SAN FRANCISCO, Feb. 18 (Xinhua) -- Researchers at Stanford University have create a conductive hybrid fiber incorporating carbon and amidoxime in their search of a new way of extracting uranium from seawater.
It has been long known that uranium dissolved in seawater combines chemically with oxygen to form uranyl ions with a positive charge. Extracting these uranyl ions involves dipping plastic fibers containing a compound called amidoxime into seawater. The uranyl ions essentially stick to the amidoxime. When the strands become saturated, the plastic is chemically treated to free the uranyl, which then has to be refined for use in reactors.
While how practical this approach depends on three main variables, namely how much uranyl sticks to the fibers, how quickly ions can be captured and how many times the fibers can be reused, the Stanford researchers improved on all three variables: capacity, rate and reuse.
By sending pulses of electricity down the newly created hybrid fiber, the researchers altered the properties of the fiber so that more uranyl ions could be collected.
"Concentrations (of uranium in seawater) are tiny, on the order of a single grain of salt dissolved in a liter of water," said Yi Cui, a materials scientist and co-author of a paper in Nature Energy. "But the oceans are so vast that if we can extract these trace amounts cost effectively, the supply would be endless."
Postdoctoral scholar Chong Liu oversaw the lab tests that compared Stanford's amidoxime-carbon hybrid fibers with today's amidoxime fibers. First she tested how much uranyl each type of fiber could hold before reaching saturation. She found that by the time the standard amidoxime fiber had become saturated, Stanford's amidoxime-carbon hybrid fibers had already adsorbed 9 times as much uranyl and were still not saturated. What's more, the electrified fiber captured three times as much uranyl during an 11-hour test using seawater from Half Moon Bay, about an hour from Stanford, and had three times the useful lifespan of the standard amidoxime.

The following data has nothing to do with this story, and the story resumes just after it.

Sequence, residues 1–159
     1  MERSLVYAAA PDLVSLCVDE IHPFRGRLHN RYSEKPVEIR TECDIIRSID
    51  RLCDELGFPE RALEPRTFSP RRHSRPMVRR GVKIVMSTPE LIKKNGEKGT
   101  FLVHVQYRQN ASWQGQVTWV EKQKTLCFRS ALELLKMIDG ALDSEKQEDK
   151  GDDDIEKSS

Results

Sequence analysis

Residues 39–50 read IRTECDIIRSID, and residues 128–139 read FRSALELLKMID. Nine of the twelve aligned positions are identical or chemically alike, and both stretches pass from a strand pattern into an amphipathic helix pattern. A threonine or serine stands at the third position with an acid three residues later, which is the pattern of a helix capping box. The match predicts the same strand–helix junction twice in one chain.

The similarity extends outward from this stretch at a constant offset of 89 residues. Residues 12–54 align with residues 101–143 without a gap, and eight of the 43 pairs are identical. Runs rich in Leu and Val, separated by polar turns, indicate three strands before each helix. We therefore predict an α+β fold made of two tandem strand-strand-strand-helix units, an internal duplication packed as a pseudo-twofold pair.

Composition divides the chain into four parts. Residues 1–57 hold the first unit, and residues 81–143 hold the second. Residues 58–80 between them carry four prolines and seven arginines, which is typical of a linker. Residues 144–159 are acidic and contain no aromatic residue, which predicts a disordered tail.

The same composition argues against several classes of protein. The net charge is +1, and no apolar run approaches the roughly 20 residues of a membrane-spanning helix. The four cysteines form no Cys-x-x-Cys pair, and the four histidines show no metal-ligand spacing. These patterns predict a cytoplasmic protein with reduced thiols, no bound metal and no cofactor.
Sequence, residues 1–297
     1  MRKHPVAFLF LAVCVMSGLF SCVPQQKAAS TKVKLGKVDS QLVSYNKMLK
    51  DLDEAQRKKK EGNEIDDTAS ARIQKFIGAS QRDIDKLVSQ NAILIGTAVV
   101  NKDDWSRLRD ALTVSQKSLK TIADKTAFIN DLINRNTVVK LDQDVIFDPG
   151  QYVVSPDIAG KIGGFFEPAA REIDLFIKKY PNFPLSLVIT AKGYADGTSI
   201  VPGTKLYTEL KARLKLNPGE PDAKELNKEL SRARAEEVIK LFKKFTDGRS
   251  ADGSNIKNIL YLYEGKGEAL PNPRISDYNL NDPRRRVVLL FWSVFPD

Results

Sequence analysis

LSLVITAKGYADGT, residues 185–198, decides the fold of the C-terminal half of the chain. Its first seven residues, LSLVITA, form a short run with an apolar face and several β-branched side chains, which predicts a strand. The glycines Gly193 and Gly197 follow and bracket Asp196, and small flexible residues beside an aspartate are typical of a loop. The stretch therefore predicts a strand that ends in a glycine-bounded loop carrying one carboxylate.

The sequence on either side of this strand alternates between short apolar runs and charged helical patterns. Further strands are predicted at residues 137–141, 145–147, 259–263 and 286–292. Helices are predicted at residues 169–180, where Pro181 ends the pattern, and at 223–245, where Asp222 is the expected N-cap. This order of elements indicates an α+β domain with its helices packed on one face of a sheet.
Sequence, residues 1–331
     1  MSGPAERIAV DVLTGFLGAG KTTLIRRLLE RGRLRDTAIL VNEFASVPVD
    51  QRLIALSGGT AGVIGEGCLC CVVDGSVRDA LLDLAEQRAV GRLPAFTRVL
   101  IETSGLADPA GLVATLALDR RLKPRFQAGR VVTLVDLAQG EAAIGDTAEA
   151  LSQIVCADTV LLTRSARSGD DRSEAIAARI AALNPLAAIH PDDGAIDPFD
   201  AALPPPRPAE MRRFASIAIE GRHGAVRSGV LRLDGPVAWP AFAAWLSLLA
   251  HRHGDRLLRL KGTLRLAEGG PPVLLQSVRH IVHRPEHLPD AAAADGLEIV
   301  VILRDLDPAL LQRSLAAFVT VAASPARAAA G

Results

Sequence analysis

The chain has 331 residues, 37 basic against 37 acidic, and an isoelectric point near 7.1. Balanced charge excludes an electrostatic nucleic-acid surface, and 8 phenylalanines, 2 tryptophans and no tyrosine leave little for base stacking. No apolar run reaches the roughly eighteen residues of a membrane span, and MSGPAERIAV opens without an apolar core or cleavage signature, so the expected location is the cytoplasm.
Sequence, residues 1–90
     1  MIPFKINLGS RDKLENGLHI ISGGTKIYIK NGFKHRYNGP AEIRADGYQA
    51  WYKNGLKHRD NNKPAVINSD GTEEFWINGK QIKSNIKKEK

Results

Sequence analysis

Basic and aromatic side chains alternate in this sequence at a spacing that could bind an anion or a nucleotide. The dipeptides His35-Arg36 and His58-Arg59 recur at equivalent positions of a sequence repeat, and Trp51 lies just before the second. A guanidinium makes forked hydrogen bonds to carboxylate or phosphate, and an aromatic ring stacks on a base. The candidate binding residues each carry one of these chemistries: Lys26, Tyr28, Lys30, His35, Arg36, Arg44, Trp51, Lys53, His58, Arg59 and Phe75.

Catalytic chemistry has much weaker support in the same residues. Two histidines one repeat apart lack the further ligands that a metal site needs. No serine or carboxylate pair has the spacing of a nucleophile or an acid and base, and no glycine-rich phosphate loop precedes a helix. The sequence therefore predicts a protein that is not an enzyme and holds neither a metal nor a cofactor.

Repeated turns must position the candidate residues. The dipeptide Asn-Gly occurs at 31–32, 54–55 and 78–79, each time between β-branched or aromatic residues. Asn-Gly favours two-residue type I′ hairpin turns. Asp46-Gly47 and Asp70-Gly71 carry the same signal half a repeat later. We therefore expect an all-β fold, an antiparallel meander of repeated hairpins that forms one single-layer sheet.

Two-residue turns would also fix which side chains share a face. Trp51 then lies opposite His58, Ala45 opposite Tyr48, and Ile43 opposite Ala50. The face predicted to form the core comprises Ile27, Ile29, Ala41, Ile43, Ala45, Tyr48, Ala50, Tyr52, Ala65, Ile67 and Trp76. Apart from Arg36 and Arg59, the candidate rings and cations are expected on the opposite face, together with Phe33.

The findings build on years of research in Japan and China, as well as at the Oak Ridge National Laboratory and the Pacific Northwest National Laboratory in the United States.
Professor Steven Chu, a Nobel Prize-winning physicist and co-author of the Nature Energy article, said research on seawater extraction has to proceed in parallel with reactor safety and waste disposal challenges. "For much of this century, some fraction of our electricity will need to come from sources that we can turn on and off. I believe nuclear power should be part of that mix, and assuring access to uranium is part of the solution to carbon-free energy," he said.
Nuclear power currently generates 20 percent of electricity in the United States and 13 percent worldwide.
"We need nuclear power as a bridge toward a post-fossil-fuel future," Chu, a former U.S. secretary of energy who encouraged seawater extraction research before he left the Department of Energy (DOE) to return to Stanford, was quoted as saying Friday in a news release from Stanford. "Seawater extraction gives countries that don' t have land-based uranium the security that comes from knowing they'll have the raw material to meet their energy needs."
Hailing the new findings as big steps toward practicality, Cui acknowledged that "we have a lot of work to do still."